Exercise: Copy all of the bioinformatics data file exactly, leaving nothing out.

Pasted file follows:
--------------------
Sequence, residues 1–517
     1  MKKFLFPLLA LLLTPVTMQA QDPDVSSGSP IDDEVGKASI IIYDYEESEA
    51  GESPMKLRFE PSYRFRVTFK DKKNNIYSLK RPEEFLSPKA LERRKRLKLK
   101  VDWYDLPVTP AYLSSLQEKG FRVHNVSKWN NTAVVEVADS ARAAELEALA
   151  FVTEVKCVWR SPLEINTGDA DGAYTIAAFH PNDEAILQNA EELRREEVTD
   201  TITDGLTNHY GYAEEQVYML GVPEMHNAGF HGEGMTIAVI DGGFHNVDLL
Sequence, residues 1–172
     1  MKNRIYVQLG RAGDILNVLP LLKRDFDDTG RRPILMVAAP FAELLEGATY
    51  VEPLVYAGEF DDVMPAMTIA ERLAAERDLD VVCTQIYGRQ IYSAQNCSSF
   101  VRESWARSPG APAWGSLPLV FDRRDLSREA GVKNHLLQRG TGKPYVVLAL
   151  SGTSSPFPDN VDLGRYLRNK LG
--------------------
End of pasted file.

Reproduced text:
Sequence, residues 1–517
     1  MKKFLFPLLA LLLTPVTMQA QDPDVSSGSP IDDEVGKASI IIYDYEESEA
    51  GESPMKLRFE PSYRFRVTFK DKKNNIYSLK RPEEFLSPKA LERRKRLKLK
   101  VDWYDLPVTP AYLSSLQEKG FRVHNVSKWN NTAVVEVADS ARAAELEALA
   151  FVTEVKCVWR SPLEINTGDA DGAYTIAAFH PNDEAILQNA EELRREEVTD
   201  TITDGLTNHY GYAEEQVYML GVPEMHNAGF HGEGMTIAVI DGGFHNVDLL
Sequence, residues 1–172
     1  MKNRIYVQLG RAGDILNVLP LLKRDFDDTG RRPILMVAAP FAELLEGATY
    51  VEPLVYAGEF DDVMPAMTIA ERLAAERDLD VVCTQIYGRQ IYSAQNCSSF
   101  VRESWARSPG APAWGSLPLV FDRRDLSREA GVKNHLLQRG TGKPYVVLAL
   151  SGTSSPFPDN VDLGRYLRNK LG